The short version comprises of dance music, a British design studio, and Adobe Photoshop.
Here's the long version...
In high-school (1999-2003) there was a sound that captivated me and it was called Dance Music. And it was fun and unmistakably different. Dance Music was already in the US, but it was not mainstream because information travelled "slowly" back then and the audience was still growing.
To be clear, Dance Music was just the collective name — there was trance, progressive trance, house, etc... You have to remember that society was very different back then; Google and Youtube didn't exist in the 90s. And If you were born near the new millennium, you most likely don't recall floppy disks.
At the end of the 1990's, AOL and AIM were the most popular internet platforms used and everyone connected to the internet using a Dial-Up modem connection — the method was slow and you couldn't use your phone line simultaneously while surfing the web — it took years before faster connections arrived. To be fair, there were some websites available, but nothing like today; the internet and its graphical interface was still "primitive."
Throughout high-school (mostly freshman and sophomore years) I saw flyers around school promoting parties and I became more enamored with electronic music; I bought CDs at the mall, too. Of all the CDs I bought, Gatecrasher caught my attention the most; the albums gave listeners a definitive "sound" that featured notable artists and remixes under the iconic royal lion emblem. (More on this below!)
Thanks to the internet I was able to listen to BBC Radio 1 and the wildly popular Essential Mix which broadcasted mixes from trendsetting DJs and venues — you cannot have BBC Radio 1 without the iconic voices of Pete Tong, Judge Jules, or Annie Mac.
The biggest open secret with music and other media in the early 2000s was that many people were downloading songs for free using programs like Napster or Limewire: There was a huge case against Napster and many artists were upset about their songs being shared. In short, that time period was the wild west of music sharing prior to online streaming, but neither topic will be discussed here.
My senior year of high school I joined the school newspaper club and was introduced to Adobe Photoshop. I loved Photoshop so much that one classmate signed my yearbook addressing me, "Mr. Photoshop." It was a nice and fun title!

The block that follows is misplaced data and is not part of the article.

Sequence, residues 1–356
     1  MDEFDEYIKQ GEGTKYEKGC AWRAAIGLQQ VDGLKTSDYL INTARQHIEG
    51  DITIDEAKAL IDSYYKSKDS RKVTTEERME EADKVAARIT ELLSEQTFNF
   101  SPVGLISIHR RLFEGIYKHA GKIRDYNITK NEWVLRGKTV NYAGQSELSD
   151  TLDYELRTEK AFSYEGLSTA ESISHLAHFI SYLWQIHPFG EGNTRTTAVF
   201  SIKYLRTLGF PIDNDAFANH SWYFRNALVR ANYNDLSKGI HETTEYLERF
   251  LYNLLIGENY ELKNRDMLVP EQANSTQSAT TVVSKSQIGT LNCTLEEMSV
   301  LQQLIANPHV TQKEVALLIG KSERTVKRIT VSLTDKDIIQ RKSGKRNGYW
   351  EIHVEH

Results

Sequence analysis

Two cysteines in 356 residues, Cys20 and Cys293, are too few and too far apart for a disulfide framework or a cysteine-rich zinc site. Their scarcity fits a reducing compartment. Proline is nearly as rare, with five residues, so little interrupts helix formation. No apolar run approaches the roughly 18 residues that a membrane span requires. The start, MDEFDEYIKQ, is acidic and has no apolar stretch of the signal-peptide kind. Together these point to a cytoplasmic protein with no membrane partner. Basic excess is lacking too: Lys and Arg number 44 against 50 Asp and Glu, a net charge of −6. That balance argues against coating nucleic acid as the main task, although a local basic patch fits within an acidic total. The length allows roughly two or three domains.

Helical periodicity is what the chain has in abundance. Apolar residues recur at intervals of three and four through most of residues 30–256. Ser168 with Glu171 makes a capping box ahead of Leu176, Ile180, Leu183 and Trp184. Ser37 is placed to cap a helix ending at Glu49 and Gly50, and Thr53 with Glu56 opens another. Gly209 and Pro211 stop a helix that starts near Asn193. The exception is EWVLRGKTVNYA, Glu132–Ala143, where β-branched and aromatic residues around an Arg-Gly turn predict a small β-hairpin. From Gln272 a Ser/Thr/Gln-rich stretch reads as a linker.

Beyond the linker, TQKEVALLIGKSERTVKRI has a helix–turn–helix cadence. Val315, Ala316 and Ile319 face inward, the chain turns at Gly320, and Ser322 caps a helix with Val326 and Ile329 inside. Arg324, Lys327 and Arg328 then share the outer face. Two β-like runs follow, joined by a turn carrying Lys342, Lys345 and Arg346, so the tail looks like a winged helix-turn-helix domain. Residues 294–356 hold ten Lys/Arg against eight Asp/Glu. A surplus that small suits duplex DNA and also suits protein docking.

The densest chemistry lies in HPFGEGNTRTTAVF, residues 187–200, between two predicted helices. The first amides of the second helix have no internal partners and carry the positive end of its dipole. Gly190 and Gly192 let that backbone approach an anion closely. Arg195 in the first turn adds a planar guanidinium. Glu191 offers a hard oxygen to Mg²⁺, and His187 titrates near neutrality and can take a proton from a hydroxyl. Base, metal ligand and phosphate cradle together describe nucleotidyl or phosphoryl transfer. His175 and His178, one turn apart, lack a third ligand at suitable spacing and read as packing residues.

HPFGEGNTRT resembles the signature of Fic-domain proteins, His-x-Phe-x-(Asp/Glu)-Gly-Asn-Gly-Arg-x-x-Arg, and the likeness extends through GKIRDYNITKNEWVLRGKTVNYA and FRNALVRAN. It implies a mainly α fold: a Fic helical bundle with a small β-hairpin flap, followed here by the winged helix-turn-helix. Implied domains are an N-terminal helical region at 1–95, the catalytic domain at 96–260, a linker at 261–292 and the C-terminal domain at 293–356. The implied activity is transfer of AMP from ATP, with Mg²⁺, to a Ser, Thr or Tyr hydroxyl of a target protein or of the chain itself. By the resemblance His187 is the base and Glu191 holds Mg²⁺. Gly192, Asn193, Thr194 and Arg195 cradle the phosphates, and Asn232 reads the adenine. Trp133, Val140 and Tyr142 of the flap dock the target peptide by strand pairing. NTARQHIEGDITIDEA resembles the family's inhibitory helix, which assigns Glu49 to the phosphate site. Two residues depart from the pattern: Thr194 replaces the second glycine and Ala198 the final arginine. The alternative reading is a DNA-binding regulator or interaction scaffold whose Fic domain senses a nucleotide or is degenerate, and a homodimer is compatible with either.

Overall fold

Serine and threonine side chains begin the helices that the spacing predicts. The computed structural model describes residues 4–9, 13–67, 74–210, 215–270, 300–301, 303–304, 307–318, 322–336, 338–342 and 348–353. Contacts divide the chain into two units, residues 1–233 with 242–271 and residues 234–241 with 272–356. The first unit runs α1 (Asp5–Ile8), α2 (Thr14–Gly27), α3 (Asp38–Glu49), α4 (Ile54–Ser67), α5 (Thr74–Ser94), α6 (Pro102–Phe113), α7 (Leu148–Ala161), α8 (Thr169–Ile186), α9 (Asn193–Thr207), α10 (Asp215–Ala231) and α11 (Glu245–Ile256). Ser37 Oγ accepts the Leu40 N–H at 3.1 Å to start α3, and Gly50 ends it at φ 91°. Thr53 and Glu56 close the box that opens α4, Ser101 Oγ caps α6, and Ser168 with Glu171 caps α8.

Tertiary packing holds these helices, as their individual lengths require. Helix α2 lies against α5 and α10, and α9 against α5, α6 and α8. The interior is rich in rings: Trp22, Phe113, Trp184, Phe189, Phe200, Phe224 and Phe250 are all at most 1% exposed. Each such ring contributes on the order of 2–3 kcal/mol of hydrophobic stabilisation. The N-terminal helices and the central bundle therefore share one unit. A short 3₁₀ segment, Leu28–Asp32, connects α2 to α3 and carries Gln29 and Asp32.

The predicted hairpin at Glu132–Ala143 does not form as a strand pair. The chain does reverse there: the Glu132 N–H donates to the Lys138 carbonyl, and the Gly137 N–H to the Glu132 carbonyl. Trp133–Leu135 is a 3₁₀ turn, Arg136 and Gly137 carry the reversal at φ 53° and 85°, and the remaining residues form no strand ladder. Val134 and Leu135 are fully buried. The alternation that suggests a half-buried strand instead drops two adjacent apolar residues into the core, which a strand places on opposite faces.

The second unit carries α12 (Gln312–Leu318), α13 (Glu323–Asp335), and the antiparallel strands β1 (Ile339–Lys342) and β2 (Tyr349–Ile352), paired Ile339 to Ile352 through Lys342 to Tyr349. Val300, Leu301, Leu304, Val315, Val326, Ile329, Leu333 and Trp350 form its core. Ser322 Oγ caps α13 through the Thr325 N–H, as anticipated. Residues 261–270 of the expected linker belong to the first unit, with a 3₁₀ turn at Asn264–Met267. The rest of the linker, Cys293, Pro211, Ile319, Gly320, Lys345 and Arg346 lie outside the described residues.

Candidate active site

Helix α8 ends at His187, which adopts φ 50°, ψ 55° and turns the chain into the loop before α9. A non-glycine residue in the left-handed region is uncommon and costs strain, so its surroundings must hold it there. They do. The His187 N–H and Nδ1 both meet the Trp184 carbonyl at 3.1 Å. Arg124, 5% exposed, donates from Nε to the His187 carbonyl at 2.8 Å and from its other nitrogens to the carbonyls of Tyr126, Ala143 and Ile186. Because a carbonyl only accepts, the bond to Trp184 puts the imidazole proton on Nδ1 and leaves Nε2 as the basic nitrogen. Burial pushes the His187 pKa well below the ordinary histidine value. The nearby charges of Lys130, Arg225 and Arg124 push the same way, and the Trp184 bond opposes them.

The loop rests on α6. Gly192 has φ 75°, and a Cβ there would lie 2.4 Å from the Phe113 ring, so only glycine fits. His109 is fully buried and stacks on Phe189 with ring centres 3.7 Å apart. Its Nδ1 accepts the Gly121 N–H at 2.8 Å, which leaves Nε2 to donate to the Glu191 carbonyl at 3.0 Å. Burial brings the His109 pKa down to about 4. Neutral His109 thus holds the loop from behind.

In college, I became more experienced with Adobe Photoshop by recreating flyers I found online made by The Designer's Republic. Remember those dance music CDs and BBC Radio 1 streams from Gatecrasher? Well, while inspecting one of the CDs I discovered the branding company responsible for doing the artwork! They were from the UK and had an impressive portfolio. And thankfully they had a website!
The internet was resourceful for me in college because information was more abundant throughout 2003 - 2009; people were starting to share their ideas and passions online which quickly snowballed and brought forth the social media age.
Thanks to the internet I was constantly tinkering with Photoshop tutorials. I have never been formally trained in Photoshop or Illustrator for that matter; I have learned everything through tutorials or real world experience. Enthusiasm, curiosity, and trial/error have always been the winds pushing my sails.
Also, we cannot grow without the input from other; there's always another way to do something.
I was so inspired with The Designer's Republic's artwork that I designed one of my first websites with a similar type of layout and colorful theme; their graphics for Gatecrasher were fresh, fun and colorful and I wanted to incorporate their style into my work.
Having said all this, it is a bit odd I didn't study graphic design and instead pursued architecture. In part, this was because I started to learn about 3D modeling and that desire morphed into architecture and before I knew it I had a new love. I was very passionate about architecture and completed my Bachelor's degree in 2009.
I always excelled in presentation design and other graphic design related tasks throughout college and work. As of this writing, I am not directly in the architectural world, but since graduation I have put important college skills to use in retail and custom cabinetry. Whenever I am creating layouts, I am thinking about a lot of things, but whenever I need inspiration I always return to The Designers Republic. And why? Their artwork really evokes something — it's got attitude. From Gatecrasher to Coca-Cola graphics; they have total command of every design element in existence! They are a fountain of endless inspiration.
Thank you for reading!